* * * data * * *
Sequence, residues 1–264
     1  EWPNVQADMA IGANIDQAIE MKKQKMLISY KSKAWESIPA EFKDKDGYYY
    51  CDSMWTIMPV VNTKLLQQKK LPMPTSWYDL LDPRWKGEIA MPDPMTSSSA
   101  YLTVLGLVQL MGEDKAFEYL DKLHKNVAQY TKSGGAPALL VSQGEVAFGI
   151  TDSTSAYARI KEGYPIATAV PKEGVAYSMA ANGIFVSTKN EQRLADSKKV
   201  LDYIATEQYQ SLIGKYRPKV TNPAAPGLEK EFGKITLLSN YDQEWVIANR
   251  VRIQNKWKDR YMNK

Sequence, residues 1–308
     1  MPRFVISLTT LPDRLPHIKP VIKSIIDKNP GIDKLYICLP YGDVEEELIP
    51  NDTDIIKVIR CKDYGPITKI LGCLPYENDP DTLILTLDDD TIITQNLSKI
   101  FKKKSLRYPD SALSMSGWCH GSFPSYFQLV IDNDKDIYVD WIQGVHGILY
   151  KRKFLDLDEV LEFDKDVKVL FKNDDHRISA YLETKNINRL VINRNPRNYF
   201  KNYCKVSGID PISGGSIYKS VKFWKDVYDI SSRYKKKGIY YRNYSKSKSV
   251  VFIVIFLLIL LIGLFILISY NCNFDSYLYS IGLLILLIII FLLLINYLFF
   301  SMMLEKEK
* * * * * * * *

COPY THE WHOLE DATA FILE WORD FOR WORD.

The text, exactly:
Sequence, residues 1–264
     1  EWPNVQADMA IGANIDQAIE MKKQKMLISY KSKAWESIPA EFKDKDGYYY
    51  CDSMWTIMPV VNTKLLQQKK LPMPTSWYDL LDPRWKGEIA MPDPMTSSSA
   101  YLTVLGLVQL MGEDKAFEYL DKLHKNVAQY TKSGGAPALL VSQGEVAFGI
   151  TDSTSAYARI KEGYPIATAV PKEGVAYSMA ANGIFVSTKN EQRLADSKKV
   201  LDYIATEQYQ SLIGKYRPKV TNPAAPGLEK EFGKITLLSN YDQEWVIANR
   251  VRIQNKWKDR YMNK

Sequence, residues 1–308
     1  MPRFVISLTT LPDRLPHIKP VIKSIIDKNP GIDKLYICLP YGDVEEELIP
    51  NDTDIIKVIR CKDYGPITKI LGCLPYENDP DTLILTLDDD TIITQNLSKI
   101  FKKKSLRYPD SALSMSGWCH GSFPSYFQLV IDNDKDIYVD WIQGVHGILY
   151  KRKFLDLDEV LEFDKDVKVL FKNDDHRISA YLETKNINRL VINRNPRNYF
   201  KNYCKVSGID PISGGSIYKS VKFWKDVYDI SSRYKKKGIY YRNYSKSKSV
   251  VFIVIFLLIL LIGLFILISY NCNFDSYLYS IGLLILLIII FLLLINYLFF
   301  SMMLEKEK